Ten Things I Hate About You Is the Best Adaptation of The Taming of the Shrewfea04ff1e555e47c2261961f916d7109
It’s Shakespeare month here at The Mary Sue, where we are delving into all of our opinions and big lit nerd feelings about the most famous playwright who ever walked the earth.
Shakespeare’s works have endured for centuries thanks to the universality of his themes, which remain relevant. It’s the reason why we can watch these plays again and again, and never tire of seeing these classic stories adapted for a wide variety of audiences. There is a fluidity to his work, which easily conforms to whatever vessel it is poured into.
But given the centuries that have passed since his heyday, it’s hardly a surprise that some of Shakespeare’s works hold up better than others (I’m looking at you, The Merchant of Venice). The Taming of the Shrew is one such example, wherein the headstrong Katherina is tamed via her marriage to the rakish Petruchio. And by “tamed”, she is held against her will, starved, and gaslit into obedience. Cool cool cool.
The misogyny at the heart of TTOTS has been debated for decades: has Katherina really been tamed, or is she the one taming her husband? It’s a character turn that has inspired countless thesis papers on the nature of gender and psychology, and what sort of feminism (if any) existed in Shakespeare’s day.
As a feminist and a Shakespeare fan, I’ve often struggled with this play. While I love the character of Katherina, I just can’t connect her transformation into the obedient wife because I genuinely do not understand her love and affection for Petruchio. No matter how well acted the adaptation, or how beautifully filmed, I am perpetually at a loss.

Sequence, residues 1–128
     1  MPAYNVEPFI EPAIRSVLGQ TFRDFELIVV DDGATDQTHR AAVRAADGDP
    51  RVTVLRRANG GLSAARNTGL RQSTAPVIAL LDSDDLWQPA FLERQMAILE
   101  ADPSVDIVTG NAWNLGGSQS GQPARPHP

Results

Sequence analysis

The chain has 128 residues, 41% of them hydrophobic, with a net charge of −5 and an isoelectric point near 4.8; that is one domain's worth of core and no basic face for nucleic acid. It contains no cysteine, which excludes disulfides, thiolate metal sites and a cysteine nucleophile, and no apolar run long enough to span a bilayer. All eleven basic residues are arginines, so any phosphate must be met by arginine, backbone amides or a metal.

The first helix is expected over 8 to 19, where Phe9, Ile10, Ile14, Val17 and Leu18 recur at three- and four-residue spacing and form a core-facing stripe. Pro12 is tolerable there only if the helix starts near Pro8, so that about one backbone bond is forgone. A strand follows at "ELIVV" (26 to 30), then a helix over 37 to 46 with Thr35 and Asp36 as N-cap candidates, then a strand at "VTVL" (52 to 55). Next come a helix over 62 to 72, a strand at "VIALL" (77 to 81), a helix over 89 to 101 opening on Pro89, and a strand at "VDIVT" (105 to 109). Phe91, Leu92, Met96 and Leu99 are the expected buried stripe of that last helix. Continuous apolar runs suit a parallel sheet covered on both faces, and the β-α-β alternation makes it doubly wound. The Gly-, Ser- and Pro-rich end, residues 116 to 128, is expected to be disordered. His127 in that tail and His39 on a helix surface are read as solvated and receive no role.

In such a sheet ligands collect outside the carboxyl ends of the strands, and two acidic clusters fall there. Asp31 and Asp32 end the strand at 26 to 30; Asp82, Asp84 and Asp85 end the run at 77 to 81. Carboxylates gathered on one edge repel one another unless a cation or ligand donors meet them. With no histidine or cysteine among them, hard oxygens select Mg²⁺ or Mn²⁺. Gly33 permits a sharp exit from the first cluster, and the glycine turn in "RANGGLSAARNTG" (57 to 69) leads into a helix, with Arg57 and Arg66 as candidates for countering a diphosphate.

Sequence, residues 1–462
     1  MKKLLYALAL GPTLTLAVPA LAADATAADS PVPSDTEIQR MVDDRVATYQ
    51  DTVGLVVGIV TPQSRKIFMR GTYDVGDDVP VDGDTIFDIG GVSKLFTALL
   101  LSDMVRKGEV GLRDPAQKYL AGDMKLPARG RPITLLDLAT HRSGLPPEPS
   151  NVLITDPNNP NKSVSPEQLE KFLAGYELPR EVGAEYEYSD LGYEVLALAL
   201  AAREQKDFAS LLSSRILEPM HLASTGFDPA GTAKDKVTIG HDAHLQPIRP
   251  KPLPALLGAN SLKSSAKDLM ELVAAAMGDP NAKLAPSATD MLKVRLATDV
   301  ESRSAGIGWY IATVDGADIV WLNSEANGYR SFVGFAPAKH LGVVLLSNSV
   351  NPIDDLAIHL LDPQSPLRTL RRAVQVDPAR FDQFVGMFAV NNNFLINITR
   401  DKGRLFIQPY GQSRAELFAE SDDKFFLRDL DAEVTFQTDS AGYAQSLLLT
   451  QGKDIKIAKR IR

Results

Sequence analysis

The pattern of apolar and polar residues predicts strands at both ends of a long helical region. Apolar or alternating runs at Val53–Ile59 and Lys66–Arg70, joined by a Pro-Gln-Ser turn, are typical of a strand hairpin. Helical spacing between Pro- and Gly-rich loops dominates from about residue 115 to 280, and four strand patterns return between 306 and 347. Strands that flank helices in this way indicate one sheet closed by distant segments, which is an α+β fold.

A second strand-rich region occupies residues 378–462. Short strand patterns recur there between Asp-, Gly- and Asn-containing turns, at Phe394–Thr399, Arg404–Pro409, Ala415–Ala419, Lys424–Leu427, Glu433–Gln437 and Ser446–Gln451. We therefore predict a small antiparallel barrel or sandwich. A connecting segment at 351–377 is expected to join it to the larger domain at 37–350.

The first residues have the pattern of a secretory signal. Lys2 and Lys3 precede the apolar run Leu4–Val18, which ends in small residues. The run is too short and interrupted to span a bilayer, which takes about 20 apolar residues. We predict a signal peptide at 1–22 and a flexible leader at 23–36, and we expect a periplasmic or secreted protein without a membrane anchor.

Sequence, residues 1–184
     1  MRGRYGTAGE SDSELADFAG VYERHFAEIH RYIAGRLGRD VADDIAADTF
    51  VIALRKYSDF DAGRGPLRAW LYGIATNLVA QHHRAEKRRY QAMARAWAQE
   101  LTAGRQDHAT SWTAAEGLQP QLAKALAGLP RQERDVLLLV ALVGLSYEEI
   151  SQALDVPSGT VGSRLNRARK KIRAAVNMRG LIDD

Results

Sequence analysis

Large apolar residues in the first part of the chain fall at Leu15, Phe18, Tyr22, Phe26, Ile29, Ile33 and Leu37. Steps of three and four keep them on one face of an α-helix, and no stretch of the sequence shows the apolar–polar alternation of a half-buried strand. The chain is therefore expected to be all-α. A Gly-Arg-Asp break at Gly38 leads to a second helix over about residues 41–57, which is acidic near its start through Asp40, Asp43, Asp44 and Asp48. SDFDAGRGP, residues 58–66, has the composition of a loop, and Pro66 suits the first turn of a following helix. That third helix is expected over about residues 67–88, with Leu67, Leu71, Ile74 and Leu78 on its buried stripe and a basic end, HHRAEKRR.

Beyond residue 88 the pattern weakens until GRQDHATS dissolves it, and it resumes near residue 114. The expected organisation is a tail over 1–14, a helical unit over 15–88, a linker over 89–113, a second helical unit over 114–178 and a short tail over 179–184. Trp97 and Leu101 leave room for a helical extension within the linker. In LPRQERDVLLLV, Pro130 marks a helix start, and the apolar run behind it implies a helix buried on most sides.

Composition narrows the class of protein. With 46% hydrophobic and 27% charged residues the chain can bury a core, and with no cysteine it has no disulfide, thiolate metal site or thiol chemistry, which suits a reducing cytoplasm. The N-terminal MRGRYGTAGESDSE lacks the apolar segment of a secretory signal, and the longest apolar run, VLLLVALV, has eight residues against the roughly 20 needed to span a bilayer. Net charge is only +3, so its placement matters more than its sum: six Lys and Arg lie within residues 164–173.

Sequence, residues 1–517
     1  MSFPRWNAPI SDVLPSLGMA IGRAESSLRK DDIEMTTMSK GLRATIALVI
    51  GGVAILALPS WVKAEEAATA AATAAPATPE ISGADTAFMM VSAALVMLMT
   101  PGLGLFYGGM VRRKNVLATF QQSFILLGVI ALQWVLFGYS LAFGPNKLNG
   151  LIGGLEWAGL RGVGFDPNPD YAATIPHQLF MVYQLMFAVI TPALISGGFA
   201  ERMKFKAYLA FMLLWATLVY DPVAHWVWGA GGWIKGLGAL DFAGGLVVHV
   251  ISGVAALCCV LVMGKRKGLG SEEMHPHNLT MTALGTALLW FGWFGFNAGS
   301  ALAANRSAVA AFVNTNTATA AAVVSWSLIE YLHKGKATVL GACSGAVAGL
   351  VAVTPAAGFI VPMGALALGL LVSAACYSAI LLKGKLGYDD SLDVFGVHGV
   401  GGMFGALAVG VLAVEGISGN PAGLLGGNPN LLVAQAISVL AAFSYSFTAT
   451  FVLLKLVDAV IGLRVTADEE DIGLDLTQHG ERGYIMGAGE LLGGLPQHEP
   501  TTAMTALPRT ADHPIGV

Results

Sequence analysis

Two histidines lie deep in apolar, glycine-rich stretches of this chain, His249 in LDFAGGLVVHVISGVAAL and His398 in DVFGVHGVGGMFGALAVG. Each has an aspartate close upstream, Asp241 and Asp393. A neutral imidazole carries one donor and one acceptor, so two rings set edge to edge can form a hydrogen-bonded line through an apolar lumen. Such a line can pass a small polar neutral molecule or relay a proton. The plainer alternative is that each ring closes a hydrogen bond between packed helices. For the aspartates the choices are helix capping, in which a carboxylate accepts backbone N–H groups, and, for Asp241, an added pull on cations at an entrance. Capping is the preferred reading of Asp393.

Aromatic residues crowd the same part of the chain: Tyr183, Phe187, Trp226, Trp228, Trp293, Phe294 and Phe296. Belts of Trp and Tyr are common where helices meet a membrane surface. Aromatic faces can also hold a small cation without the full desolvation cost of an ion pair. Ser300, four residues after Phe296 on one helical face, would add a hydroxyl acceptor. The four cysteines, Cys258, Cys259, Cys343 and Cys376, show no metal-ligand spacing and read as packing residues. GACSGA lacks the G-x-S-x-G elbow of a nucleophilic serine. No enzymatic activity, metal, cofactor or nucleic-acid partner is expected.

These are problems that the 1999 romantic comedy film 10 Things I Hate About You ably handles. In case you didn’t grow up in the 90s, 10 Things I Hate About You was a high school teen romcom loosely based on TTOTS. Julia Stiles plays Kat Stratford (I see what you did there, movie), the headstrong feminist older sister of the popular sweetheart Bianca (Larisa Oleynik).
Every boy in school wants to date Bianca, but her overprotective father (Larry Miller) won’t allow her to date until her older sister does. That is, until nice guy Cameron (a baby Joseph Gordon-Levitt) convinces Australian bad boy Patrick Verona (Heath Ledger) to date her for money, a ruse that is funded by the boorish jock Joey (Andrew Keegan) who wants to hook up with Bianca.
10 Things works because it smartly realizes that the girl labeled a “bitch” in high school is often just a girl frustrated and stymied by the sexist restrictions and expectations of high school and girlhood in general. Stiles’s Kat Stratford was a refreshing teen girl heroine because she deviated from the genre’s default portrayal of girlhood. She didn’t fall into the virgin/slut dichotomy that defined so many teen girl characters. She is independent, free-thinking, and more than capable of defending herself.
This is most apparent in Kat’s reveal to her sister that after their mother left them, she lost her virginity to Joey. After she decided she wasn’t ready to keep having sex, Joey dumped her and spread the narrative that she was a bitch. And while Joey is lionized for his prowess, Kat is ostracized.
Even more refreshing is Heath Ledger’s sensitive bad boy Patrick. Patrick never tries to change Kat or force her to be someone she isn’t. He takes the time to get to know her and her motivations, falling in love with her along the way. Yes, their relationship began as a ploy, but he apologizes and takes responsibility for it. No gaslighting needed.
It’s a satisfying romance that is given more thought and nuance than the average teen comedy allows. The writers Karen McCullah and Kirsten Smith continued to mine girl power gold with follow-up films like Legally Blonde and She’s the Man, which is itself an adaptation of Twelfth Night.
Is 10 Things I Hate About You a fluffy, fun adaptation of The Taming of the Shrew? Sure, but it’s also the only one that makes sense to me.
(image: Buena Vista Pictures)
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